Making a clean breast of it

Updated: 2015-01-08 07:26

By Xu Fan(China Daily)

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Making a clean breast of it

Chinese actress Fan Bingbing, who plays empress Wu Zetian.Hit dramaThe Saga of Wu Zetianhas drawn further public attention after an attempt to cut "too revealing" shots in the 80-episode Hunan TV serial.[Photo provided to China Daily]

"Censorship should have a clearer standard and be more flexible," says Zhang Baiqing, head of the China Film Critics Society and a member of the movie censorship committee under the State Administration of Press, Publication, Radio, Film and Television.

He believes that the hit drama might have passed censorship before its nationwide premiere, but might have then be pulled off the air due to two possibilities.

It could be because some viewers had complained to the authorities or some high-status official ordered a re-examination of the drama because of concerns about its possible 'bad' social influence, he says. "But whatever the case is, the cuts were unnecessary."

"Foreign countries have a complete system of 'dos and don'ts'. But our country's regulations are ambiguous," he says.

Chinese authorities rule that movies and television productions should not have pornographic contents, but plunging necklines and corseted breasts do not constitute pornography. It may be a matter of taste, says the Hangzhou-based researcher.

Yin Hong, executive deputy president of the journalism and communication school of the Tsinghua University, agrees with Zhang.

He points out that the hit drama had already been controversial before the suspension, but the "arbitrary" cuts cannot mitigate the heat of the debate.

The biographic work of Wu Zetian (AD 624-705), the first and only female emperor who reigned from AD 690 to 705, had a record rating of 2.28 percent in a 50-city survey, just on the first day of its screening. But some viewers on Baidu Tieba, one of the country's largest online forums, joked that they had been drawn to the big-budget serial for the actresses' half-exposed breasts.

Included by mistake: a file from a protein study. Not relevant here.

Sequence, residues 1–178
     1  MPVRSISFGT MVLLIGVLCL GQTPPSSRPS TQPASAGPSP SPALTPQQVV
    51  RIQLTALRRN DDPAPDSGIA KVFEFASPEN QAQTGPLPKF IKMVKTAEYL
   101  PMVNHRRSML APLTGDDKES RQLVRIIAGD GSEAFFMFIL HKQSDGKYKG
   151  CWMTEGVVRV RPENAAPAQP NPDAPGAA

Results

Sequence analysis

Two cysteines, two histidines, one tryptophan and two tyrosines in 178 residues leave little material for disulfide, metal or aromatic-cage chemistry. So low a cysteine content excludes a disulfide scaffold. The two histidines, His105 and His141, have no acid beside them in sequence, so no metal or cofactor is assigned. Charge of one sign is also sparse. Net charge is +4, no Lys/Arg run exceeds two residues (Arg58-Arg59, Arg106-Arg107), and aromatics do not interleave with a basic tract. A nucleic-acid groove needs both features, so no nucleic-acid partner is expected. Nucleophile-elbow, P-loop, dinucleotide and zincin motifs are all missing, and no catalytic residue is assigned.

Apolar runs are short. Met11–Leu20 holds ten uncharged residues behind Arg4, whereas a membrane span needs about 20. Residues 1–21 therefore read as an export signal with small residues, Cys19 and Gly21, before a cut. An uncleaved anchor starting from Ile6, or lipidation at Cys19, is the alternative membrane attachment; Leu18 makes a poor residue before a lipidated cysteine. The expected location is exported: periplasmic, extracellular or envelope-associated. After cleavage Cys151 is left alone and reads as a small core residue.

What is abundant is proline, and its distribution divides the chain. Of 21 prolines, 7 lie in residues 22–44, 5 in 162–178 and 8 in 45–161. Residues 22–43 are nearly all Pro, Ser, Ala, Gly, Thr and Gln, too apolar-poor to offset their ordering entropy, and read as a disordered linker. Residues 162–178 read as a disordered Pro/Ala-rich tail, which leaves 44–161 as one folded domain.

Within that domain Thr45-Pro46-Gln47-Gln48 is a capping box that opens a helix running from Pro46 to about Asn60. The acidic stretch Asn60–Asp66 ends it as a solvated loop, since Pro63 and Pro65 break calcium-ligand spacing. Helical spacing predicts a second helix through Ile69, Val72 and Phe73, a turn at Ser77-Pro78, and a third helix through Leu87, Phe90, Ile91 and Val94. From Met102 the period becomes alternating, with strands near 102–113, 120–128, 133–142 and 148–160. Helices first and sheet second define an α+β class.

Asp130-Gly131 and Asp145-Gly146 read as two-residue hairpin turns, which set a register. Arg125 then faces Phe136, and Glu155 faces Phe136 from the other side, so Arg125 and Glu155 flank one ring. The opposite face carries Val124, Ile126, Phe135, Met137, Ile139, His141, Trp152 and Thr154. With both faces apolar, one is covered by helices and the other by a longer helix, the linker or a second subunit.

"If there was a debate, let the public thrash it out," says Yin. "The abrupt halt to the serial and the cuts will only attract more attention. There have been many similar situations in the past. We don't seem to learn from them."

"The drama had been criticized for its mediocre plot and coarse dialogues before the removal. But now, it has the support of many people."

Raymond Zhou, veteran film critic with China Daily, says: "It had been bad, but now it may become a good thing."

He cites the famed "Streisand effect" to show its similarity to the Chinese actress Fan Bingbing-starring drama. The effect is named after the American entertainer Barbra Streisand's attempt to suppress photographs of her residence in California but instead drew further public attention to it.

Zhou points out that ancient scrolls and documents show that during Wu's reigning dynasty, it was the custom for women to wear clothes that bared their necks and shoulders. The breasts might not have been as "squeezed" as those depicted in the drama.

But there are other experts who agree with the need for the cuts.

Wang Xudong, director of China Film Critic Society Academic, says television brings images into the living room. "It may not be good for our young to see exposed women's bodies. TV projects should have an educational influence," he says.

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